The OFT applies a different analysis. Under the Enterprise Act 2002 it may consider any "relevant merger situation" and investigate whether it has, or may be expected to, result in a substantial lessening of competition within any UK market or markets. If so, it must then refer the matter to the Competition Commission for a full investigation. A relevant merger situation exists when two or more entities are brought under common ownership or control and where either: (1) the UK turnover of the target is greater than £70 million; or (2) the parties together have a share of supply in the UK greater than 25%. In the present case ITV’s UK turnover is above the £70 million threshold so the issue at stake is whether or not it has now come under the control of BSkyB.

In this context ‘control’ does not necessarily mean a stake of more than 50%; it instead depends on the full circumstances surrounding the acquisition. In some instances the OFT has found that control (in the sense of material influence) has been acquired with stakes as low as 15% in light of other factors in the overall deal. NTL has argued to the OFT that the 17.9% stake acquired by BSkyB could carry more weight than the figure alone implies because only two-thirds of ITV investors typically vote at annual meetings. This argument appears to have had at least some impact at the OFT; on 12 January this year it announced that it believes that it may have jurisdiction under the merger control rules and issued a formal invitation to comment.

The third relevant piece of legislation gives the Secretary of State for Trade and Industry the power to intervene (under section 42 of the Enterprise Act) in "relevant merger situations" involving media companies where he considers that there are public interest grounds for doing so. The grounds are laid out in the legislation and relate to the need to maintain pluralism and quality and a commitment to obtaining broadcasting standards. Where the Secretary of State issues such a notice, the OFT must report to him on the competition aspects of a transaction and Ofcom must report on the public interest considerations. The Secretary of State must then decide whether to make a reference to the Competition Commission. On 26 February 2007, the Secretary of State used his powers under section 42 for the first time, to intervene in the BSkyB/ITV deal. The OFT and Ofcom must report to him by 27 April 2007, the task for Ofcom being to consider the need for sufficient plurality of media ownership in the context of this deal.

The ITV situation thus provides the opportunity to consider two fascinating aspects of this fastchanging industry: media pluralism and the market(s) in which competition takes place.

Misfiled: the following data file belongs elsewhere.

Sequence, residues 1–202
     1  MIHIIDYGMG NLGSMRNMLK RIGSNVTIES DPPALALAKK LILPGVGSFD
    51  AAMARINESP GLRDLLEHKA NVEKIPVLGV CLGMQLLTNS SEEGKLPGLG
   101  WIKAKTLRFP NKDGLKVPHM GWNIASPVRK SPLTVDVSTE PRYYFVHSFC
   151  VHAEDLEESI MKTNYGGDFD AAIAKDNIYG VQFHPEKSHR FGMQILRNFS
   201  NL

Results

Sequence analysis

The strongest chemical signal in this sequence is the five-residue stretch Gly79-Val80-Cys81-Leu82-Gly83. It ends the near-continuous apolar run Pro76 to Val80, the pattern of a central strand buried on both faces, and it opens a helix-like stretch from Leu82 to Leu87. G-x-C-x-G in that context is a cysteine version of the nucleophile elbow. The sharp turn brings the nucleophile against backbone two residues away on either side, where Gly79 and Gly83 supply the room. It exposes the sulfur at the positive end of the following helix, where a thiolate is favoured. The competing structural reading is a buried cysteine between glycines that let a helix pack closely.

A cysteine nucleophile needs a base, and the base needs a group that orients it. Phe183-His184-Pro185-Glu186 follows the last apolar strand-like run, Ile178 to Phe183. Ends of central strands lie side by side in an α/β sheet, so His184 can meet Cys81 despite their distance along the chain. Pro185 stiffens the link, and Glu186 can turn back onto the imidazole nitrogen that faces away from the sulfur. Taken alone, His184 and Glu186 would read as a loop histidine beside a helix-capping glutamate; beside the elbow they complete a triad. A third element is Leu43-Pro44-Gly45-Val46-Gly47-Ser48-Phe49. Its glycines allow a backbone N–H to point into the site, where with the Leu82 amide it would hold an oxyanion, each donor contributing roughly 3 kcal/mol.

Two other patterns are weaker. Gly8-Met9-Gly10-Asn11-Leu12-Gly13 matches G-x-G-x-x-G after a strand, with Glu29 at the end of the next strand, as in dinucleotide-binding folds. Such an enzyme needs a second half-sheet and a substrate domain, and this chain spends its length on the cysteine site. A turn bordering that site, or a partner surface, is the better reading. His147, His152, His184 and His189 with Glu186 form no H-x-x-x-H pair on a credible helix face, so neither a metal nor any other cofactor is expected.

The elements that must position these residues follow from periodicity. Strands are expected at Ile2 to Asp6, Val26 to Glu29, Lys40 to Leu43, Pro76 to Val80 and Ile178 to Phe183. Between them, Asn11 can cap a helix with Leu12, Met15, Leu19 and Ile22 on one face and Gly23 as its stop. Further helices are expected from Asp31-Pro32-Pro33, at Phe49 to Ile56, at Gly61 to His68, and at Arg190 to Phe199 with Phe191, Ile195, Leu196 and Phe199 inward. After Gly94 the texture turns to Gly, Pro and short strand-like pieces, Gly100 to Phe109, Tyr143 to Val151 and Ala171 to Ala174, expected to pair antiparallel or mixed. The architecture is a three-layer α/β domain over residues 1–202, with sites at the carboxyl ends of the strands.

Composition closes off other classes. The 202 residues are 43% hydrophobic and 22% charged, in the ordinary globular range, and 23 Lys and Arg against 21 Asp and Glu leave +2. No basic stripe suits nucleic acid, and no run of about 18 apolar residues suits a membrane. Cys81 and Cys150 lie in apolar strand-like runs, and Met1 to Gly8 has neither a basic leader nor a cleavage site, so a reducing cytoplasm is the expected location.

The media ownership rules have prompted two major reviews in recent months. In November 2006 an Ofcom report concluded that at present there is no need to review the current rules. Shortly after, in January 2007, the European Commission announced a three-step programme to achieve an understanding of the measures necessary to ensure media pluralism. As part of its announcement the Commission noted that, while merger control rules play an important role in preventing the creation or abuse of a dominant market position and in ensuring access for new entrants, they do not replace national media concentration rules and other measures to ensure media pluralism.

Defining the markets in which the parties operate will be particularly challenging. In its decision on the NTL/Telewest merger the OFT touched on the possibility that the increasing tendency to bundle pay-TV, telecommunications and Internet services into a single ‘triple play’ package (or ‘quadruple play’ if telecommunications is split into fixed and mobile) may create its own frame of reference. It also considered whether the merger could result in co-ordinated behaviour between BSkyB and the merged NTL/Telewest entity in the pay-TV sector to block third-party channels. For the current ITV deal it is likely that the OFT will have to probe these issues in greater depth. The deal could have a number of other anti-competitive effects, particularly in the provision of news, bidding for sporting rights and ownership of Freeview. The competition authorities have already shown a strong desire to keep the sports rights bidding process unencumbered by cross-shareholdings. ITN (in which ITV and BSkyB each has a 20% stake) is BSkyB’s main commercial news rival. Similarly, Freeview was set up as an alternative to BSkyB. But now, through its interest in ITV, BSkyB could perhaps exercise influence beyond its original 20% share, and possibly even create an opportunity to run down Freeview.

Whether the regulators, assisted by NTL, will have the ability to halt the advance of the Murdoch media empire remains to be seen.

The content of this article is intended to provide a general guide to the subject matter. Specialist advice should be sought about your specific circumstances.